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    By following the three next steps below, you will be able to create such mind maps easily and quickly.

    3 Simple Steps to Create a Mind Map

    The three steps are:

    1. Set a central topic
    2. Add branches of related ideas
    3. Add sub-branches for more relevant ideas

    Let’s take a look at an example Verbal To Visual illustrates on the benefits of mind mapping.[1]

    Step 1 : Set a Central Topic

    Take a blank sheet of paper, write down the topic you’ve been thinking about: a problem, a decision to make, an idea to develop, or a project to clarify.

    Word it in a clear and concise manner.

      What is the first idea that comes to mind when you think of the subject for your mind map? Draw a line (straight or curved) from the central topic, and write down that idea.

        Step 3 : Add Sub-Branches for More Relevant Ideas

        Then, what does that idea make you think of? What is related to it? List it out next to it in the same way, using your pen.

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          You can always add more to it later, but that’s good for now.

          In our example, we could detail the sub-branch “Benefits” by listing those benefits in sub-branches of the branch “Benefits”. Unfortunately, we already reached the side of the sheet, so we’re out of space to do so. You could always draw a line to a white space on the page and list them there, but it’s awkward.

          Since we created this mind map on a regular letter-format sheet of paper, the quantity of information that fits in there is very limited. That is one of the main reasons why I recommend that you use software rather than pen and paper for most of the mind mapping that you do.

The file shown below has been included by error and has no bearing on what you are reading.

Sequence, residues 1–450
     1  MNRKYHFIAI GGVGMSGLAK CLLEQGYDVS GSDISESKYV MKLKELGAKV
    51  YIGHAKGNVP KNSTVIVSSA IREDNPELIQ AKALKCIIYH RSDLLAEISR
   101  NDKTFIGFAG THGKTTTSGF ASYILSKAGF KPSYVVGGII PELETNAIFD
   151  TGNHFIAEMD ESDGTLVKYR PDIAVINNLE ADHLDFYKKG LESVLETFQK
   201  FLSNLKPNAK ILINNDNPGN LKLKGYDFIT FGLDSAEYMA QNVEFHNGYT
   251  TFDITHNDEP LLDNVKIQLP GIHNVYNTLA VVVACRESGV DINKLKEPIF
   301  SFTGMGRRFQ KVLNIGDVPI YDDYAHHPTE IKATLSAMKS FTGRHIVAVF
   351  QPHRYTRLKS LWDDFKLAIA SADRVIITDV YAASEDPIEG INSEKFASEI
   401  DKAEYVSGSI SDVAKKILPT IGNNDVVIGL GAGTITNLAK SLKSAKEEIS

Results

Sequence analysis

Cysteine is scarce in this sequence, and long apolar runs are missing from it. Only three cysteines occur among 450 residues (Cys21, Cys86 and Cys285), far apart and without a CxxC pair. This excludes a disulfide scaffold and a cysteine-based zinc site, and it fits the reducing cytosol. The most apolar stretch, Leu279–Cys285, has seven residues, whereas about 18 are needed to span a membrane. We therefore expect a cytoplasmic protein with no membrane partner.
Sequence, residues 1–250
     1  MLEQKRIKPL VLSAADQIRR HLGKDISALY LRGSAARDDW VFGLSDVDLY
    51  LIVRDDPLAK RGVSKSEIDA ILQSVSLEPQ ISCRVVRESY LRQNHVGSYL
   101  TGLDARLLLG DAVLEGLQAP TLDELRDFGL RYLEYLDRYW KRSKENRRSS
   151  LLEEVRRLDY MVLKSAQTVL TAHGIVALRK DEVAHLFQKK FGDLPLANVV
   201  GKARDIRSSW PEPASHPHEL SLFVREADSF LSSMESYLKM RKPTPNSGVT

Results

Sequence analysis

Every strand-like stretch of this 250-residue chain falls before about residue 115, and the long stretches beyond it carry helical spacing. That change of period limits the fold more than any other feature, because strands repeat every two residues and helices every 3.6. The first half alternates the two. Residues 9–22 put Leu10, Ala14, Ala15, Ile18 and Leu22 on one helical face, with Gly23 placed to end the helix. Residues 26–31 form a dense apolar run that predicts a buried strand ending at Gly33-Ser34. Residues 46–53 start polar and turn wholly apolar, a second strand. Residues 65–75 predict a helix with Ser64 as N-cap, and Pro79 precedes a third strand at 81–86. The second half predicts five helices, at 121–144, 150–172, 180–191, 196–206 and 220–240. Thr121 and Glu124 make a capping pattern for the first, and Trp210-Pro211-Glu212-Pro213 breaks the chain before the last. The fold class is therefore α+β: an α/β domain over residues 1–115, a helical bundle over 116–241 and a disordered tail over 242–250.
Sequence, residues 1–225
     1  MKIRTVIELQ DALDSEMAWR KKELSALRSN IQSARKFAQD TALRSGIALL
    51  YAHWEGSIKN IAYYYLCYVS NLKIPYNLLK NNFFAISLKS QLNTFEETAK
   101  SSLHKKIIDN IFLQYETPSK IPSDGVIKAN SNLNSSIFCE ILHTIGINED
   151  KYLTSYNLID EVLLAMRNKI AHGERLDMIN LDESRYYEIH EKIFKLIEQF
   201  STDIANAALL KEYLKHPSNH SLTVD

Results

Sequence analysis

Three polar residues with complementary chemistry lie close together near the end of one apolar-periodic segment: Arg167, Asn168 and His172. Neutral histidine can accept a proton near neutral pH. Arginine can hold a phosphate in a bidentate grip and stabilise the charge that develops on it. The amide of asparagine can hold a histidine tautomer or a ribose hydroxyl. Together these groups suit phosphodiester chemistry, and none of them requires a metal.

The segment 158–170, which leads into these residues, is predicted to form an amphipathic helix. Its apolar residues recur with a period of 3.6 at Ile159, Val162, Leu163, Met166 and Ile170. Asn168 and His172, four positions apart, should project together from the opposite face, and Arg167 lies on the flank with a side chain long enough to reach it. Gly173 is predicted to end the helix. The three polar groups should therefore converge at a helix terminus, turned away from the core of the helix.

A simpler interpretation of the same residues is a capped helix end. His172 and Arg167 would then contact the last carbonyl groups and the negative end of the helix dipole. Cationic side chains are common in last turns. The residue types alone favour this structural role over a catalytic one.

Repeat Step 2 and Step 3

          Repeat steps 2 and 3 as many times as you need to flush out all of your ideas around the topic that you chose.

            I added first-level (main) branches around the central topic mostly in a clockwise fashion, from top-right to top-left. That is how, by convention, a mind map is read.

            In the next section, we are covering the three strategies to building your maps.  

            Mind Map Examples to Illustrate Mind Mapping

            You can go about creating a mind map in various ways:

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            • Branch by Branch: Adding whole branches (with all of their sub-branches), one by one.
            • Level by Level: Adding elements to the map, one level at a time. That means that firstly, you add elements around the central topic (main branches). Then, you add sub-branches to those main branches. And so on.
            • Free-Flow: Adding elements to your mind map as they come to you, in no particular order.